guibou wrote:In fact, using the knaus PPM approach (know as PPM proba is luxrender), the radius per pass in known in advance (in fact, the radius is only a function of the pass number, ie: Radius(i) = Radius(i - 1) * (i - alpha) / (i - 1)), so the master only have to ask each slave to render a specific pass and it works.
The issue is how to handle slaves which are taking too much time to finish the pass they where asked for. Should we ask a new slave to compute the pass ? If twos slaves are working on the same pass and gives a result, can we stupidly merge both passes and normalize the number of photons ?
Same think, if we want to implement flm merging, each flm should stores the id of each pass it contains. But how to handle duplicates ?
In an ideal world to get the most out of SPPM, yes we need this. However if we accept a global performance loss, we can do without much of this information. We can have 2 slaves computing the same pass number at the same time, that's not a problem, what is important is that the photon density is correctly computed and preserved during merging. Not correctly accounting the pass number or the radius might lead to a slower radius reduction, but the variance will still be reduced.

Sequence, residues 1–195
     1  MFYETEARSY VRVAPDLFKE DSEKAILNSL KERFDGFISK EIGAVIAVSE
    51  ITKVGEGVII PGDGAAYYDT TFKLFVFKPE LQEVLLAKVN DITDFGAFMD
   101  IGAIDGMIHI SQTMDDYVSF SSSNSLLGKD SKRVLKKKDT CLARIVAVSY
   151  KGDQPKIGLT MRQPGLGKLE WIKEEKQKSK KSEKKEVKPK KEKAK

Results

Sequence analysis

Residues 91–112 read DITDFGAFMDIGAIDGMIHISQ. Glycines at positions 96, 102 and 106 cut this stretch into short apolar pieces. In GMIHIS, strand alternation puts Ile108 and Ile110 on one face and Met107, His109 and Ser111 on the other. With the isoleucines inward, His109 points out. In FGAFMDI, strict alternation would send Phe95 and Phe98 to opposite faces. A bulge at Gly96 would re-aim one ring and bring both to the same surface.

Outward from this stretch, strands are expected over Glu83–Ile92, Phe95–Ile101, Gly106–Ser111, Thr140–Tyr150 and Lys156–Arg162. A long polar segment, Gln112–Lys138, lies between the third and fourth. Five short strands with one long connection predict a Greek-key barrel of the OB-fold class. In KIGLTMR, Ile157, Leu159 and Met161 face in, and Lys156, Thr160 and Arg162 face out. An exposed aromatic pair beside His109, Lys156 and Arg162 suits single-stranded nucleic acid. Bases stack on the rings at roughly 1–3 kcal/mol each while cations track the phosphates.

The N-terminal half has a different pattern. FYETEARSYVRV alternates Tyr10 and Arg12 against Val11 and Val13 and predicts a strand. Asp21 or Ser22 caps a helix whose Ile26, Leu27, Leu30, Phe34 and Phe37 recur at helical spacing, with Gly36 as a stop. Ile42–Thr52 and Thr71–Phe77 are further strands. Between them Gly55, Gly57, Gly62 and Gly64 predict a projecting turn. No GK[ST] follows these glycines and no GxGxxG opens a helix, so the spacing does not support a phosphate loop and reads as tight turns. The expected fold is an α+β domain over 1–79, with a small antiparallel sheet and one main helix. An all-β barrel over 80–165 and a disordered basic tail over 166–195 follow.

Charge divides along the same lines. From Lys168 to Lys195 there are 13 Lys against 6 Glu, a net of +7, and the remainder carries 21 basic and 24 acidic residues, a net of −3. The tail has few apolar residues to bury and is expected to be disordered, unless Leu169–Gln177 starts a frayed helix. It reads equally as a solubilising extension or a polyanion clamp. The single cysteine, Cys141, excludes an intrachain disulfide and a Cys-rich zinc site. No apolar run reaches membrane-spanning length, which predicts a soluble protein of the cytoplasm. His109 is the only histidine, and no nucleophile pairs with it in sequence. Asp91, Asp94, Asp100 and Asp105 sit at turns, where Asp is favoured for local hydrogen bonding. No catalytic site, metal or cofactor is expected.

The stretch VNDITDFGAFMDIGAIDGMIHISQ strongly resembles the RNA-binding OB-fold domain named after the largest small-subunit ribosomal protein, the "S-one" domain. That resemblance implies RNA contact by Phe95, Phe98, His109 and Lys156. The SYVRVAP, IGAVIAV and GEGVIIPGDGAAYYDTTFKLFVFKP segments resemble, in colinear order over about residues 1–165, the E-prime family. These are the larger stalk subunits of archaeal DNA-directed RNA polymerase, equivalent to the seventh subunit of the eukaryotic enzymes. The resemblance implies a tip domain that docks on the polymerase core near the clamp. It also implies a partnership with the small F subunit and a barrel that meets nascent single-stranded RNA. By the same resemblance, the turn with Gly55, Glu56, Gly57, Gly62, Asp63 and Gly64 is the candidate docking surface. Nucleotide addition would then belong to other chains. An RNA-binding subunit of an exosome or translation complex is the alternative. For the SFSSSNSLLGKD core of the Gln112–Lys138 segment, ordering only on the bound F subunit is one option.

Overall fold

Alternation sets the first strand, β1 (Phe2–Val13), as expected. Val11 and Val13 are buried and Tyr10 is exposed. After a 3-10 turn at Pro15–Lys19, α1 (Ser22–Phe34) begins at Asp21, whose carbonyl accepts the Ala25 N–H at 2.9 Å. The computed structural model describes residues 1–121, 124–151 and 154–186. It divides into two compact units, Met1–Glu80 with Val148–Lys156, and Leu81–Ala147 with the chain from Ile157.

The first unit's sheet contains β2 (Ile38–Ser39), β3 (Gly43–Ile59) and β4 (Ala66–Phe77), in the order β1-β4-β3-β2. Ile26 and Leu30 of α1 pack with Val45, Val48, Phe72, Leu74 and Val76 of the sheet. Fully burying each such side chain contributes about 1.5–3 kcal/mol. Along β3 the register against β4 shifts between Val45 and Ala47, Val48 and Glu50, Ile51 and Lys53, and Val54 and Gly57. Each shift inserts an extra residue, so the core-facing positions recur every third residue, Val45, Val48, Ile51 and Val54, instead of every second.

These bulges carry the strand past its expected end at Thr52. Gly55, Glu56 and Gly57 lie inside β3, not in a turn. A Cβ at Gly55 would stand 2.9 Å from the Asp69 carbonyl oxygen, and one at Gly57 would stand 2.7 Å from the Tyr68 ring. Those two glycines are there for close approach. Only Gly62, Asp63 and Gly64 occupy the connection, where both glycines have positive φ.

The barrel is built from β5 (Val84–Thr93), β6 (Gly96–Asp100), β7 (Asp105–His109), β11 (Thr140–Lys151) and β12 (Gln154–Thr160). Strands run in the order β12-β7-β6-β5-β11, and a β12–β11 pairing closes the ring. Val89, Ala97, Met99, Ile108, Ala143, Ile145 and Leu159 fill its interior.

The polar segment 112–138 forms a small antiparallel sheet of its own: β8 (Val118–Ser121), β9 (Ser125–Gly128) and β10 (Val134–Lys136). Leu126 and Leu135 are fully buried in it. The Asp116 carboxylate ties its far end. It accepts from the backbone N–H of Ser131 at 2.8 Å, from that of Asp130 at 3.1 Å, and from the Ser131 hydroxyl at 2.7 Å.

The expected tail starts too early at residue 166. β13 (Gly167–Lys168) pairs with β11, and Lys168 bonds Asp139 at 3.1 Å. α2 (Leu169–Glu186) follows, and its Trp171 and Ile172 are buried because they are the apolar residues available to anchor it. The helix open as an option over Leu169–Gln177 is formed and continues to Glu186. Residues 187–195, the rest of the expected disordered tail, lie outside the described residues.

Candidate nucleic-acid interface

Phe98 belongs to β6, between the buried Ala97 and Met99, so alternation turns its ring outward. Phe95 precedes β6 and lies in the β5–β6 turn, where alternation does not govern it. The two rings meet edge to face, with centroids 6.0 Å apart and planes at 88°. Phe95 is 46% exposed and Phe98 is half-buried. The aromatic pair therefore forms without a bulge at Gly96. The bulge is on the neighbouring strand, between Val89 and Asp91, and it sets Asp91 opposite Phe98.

guibou wrote:Yes, glossy surfaces are tricky. An important part of the research done in rendering algorithm nowadays focus on better handling of glossy reflections.
Yes, just to put some light on the subject:
- matte (lambertian) surfaces reaction is the same in every direction so the colour mostly depends on the surrounding lights (thus the direct lighting algorithms)
- specular surfaces reflects light in a single direction, so it is quite easy to bounce light and follow a path
- glossy surfaces are in between, they can have a very strong reflection around a single direction, but if there is no light in that direction but a strong light outside, most of the perceived illumination will come from that outlying light.
Glossy surfaces reaction is really dependent on the product of the surface BSDF and the surrounding illumination, thus the great number of research papers on integrating products of functions.